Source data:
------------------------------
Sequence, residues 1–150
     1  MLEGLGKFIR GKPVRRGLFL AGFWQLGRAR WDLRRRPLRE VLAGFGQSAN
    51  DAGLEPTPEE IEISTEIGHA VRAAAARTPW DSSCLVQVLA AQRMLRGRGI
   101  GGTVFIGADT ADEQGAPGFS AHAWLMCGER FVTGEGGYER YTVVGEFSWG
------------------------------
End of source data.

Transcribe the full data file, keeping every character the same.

Sequence, residues 1–150
     1  MLEGLGKFIR GKPVRRGLFL AGFWQLGRAR WDLRRRPLRE VLAGFGQSAN
    51  DAGLEPTPEE IEISTEIGHA VRAAAARTPW DSSCLVQVLA AQRMLRGRGI
   101  GGTVFIGADT ADEQGAPGFS AHAWLMCGER FVTGEGGYER YTVVGEFSWG